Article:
Jorge Amado during construction of the house in Rio Vermelho
The house in Rio Vermelho and life between Salvador and Paris
Jorge Amado sold the film rights to Gabriela, Clove and Cinnamon to Metro-Goldwyn-Mayer in 1961 and used the money to build a house where he and his family would live from 1963 on. The house on Rua Alagoinhas in the Rio Vermelho borough of Salvador doubled as a kind of cultural centre. In addition to housing a large collection of popular art, Jorge Amado and Zélia Gattai used their home to receive fellow artists and intellectuals, not to mention unknown admirers from various parts of Brazil and abroad.
In 1983, Jorge and Zélia started spending half the year in Paris, half in Bahia. In Europe, the author was recognized and celebrated as one of Brazil’s greatest novelists. He used his charming apartment in the Marais neighbourhood, a far more tranquil and less bustling place than his home in Salvador, as his writerly refuge.
During the 1980s, Jorge Amado wrote his childhood memoir, The Grapiuna Boy, and the novel Showdown, two books that returned to the cocoa coast that had so marked his early career. During this period he also penned The War of the Saints. In 1987, the Jorge Amado Estate Foundation was inaugurated, with headquarters in a reformed manor on the Pelourinho. The Foundation keeps a collection of works on the author that includes theses, essays and other academic texts, press articles, tributes and letters.
Writing Coasting, the notes on the wall organized the chapters of the book
The final years
In the late 90s, as he put the finishing touches to the memoir Coasting, published to coincide with his 80th birthday, Jorge Amado was working on Bóris, o vermelho (Boris, the Red), a novel he never managed to complete. In 1992 he was invited by an Italian company to write a story for the 500th anniversary of the discovery of the Americas. The result was the novella How the Turks Discovered America, published in Brazil in 1994.
During the 1990s, the author’s daughter, Paloma, in conjunction with Pedro Costa, revised the complete works in order to correct errors that had accumulated over the years and the various editions of the works. In 1995, Jorge Amado received the Camőes Award, one of the highest literary honours in the Portuguese language.
In 1996, Jorge Amado suffered a pulmonary oedema whilst in Paris. He returned to Brazil, where he underwent an angioplasty, followed by repose at his house in Rio Vermelho. His clinical condition was further aggravated by partial blindness, which caused the author to sink into a depression, as he could no longer read or write.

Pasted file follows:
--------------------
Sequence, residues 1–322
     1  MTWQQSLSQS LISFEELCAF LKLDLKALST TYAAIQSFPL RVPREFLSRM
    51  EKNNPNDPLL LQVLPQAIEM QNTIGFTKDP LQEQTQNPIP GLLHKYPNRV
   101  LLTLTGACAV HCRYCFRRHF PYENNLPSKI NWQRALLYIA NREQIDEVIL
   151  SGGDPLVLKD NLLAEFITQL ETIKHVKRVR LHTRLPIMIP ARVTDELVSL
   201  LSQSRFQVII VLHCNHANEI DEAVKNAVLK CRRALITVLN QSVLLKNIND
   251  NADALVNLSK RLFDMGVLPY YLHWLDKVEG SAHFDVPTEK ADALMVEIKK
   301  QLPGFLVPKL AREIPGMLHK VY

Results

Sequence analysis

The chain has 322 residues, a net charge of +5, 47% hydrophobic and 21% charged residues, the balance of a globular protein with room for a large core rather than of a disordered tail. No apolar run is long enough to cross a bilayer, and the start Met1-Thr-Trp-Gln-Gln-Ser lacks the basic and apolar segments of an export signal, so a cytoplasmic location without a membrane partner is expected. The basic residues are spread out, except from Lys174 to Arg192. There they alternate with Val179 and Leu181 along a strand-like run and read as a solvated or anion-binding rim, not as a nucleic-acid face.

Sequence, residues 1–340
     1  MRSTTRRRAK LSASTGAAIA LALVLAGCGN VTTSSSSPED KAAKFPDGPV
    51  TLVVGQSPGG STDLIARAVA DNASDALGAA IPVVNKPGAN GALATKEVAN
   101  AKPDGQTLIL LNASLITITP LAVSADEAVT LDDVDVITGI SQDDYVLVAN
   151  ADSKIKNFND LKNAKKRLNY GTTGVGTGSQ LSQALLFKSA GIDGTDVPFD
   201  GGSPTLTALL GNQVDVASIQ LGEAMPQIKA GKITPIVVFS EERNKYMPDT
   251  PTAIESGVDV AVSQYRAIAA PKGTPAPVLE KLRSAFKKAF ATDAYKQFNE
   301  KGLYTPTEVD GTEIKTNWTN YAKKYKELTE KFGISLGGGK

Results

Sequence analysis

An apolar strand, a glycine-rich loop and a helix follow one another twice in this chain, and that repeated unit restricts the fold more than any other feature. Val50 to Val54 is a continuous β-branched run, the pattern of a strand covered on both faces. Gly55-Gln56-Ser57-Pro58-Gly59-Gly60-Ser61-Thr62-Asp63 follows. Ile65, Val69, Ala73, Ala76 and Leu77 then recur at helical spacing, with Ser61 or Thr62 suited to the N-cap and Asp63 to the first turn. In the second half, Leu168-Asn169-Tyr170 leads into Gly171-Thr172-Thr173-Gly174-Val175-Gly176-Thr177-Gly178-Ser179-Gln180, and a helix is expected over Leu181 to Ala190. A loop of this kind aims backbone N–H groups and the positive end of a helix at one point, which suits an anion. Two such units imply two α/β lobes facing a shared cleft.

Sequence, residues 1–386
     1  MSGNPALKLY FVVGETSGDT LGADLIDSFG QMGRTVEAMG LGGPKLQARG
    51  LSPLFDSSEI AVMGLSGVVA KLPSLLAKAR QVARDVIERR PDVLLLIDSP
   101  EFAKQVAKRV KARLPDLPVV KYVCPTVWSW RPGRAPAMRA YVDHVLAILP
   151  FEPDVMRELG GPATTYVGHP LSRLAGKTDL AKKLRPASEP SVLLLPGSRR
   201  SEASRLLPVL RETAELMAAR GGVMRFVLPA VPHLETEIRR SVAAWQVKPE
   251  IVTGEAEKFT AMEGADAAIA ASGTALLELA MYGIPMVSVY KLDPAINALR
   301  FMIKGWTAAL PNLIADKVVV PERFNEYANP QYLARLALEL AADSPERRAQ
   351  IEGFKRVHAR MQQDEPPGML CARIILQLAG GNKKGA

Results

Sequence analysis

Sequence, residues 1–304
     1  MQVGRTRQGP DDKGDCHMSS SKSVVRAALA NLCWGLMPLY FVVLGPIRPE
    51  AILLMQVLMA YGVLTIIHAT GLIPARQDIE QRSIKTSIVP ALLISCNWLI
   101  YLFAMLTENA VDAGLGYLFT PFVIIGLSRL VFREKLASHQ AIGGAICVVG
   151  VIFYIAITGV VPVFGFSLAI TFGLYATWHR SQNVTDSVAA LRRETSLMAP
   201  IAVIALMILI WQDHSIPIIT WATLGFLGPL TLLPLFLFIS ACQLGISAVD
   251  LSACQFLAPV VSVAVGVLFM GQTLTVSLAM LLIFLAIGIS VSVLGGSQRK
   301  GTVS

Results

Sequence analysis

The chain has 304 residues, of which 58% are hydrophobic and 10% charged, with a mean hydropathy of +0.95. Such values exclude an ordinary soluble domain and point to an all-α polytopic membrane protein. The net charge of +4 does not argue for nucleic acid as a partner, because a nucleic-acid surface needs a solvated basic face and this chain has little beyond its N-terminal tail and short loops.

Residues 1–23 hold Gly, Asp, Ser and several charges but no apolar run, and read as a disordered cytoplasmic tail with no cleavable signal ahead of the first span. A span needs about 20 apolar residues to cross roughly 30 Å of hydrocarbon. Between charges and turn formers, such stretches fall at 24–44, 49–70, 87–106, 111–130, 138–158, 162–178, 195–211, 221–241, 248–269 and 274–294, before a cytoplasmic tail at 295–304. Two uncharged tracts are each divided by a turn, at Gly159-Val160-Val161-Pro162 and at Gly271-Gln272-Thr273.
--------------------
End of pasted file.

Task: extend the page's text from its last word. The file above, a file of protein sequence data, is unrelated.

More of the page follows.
The author died in August 2001, only days before his 89th birthday. His body was cremated and the ashes buried among the roots of an old mango tree in the garden of his home, next to a white bench on which he used to sit with Zélia in the afternoons.
Ceremony of acceptance into the Brazilian Academy of Letters
Consecration and the rejection of glory
Over the decades, Jorge Amado’s novels were translated and published in over fifty different countries. His characters have lent their names to streets, commercial establishments and brand names. The writer was the theme of samba school processions at Carnival, frequented capoeira rings, became involved in environmental issues and had his stories retold by popular troubadours of cordel poetry.
In addition to the recognition that came with the robes of the Brazilian Academy of Letters, the writer received honorary doctorates from European universities and countless tributes throughout his lifetime. Yet of all the accolades, what really meant most to him were the titles conferred within candomblé.
It is no accident that the writer chose the orisha Exu, drawn for him by his friend Carybé, as his personal blazon. Exu is a figure from Yoruba mythology that symbolizes movement and passage and is associated with transgression and limits. This choice of emblem reveals both his affiliations with the popular miscegenated culture of Bahia and the value he attributed to the art of transiting between social universes and different cultures.
Despite his friendship with such illustrious figures as Pablo Neruda, Mario Vargas Llosa, Oscar Niemeyer, Darcy Ribeiro and Gabriel Garcia Márquez, and the wide-ranging recognition of his work, Jorge Amado always refused pomp and the aggrandizement of his personal life and career. In Coasting, he says: “I learned from the people and from life, I’m a writer, not a literary luminary, in fact, I’m an Obá (orisha of turbulent waters and of war)”. Further on, he adds: “I wasn’t born to be famous, or illustrious. I don’t measure myself by those sticks, I never felt like an important writer, an important man: just a writer and a man”.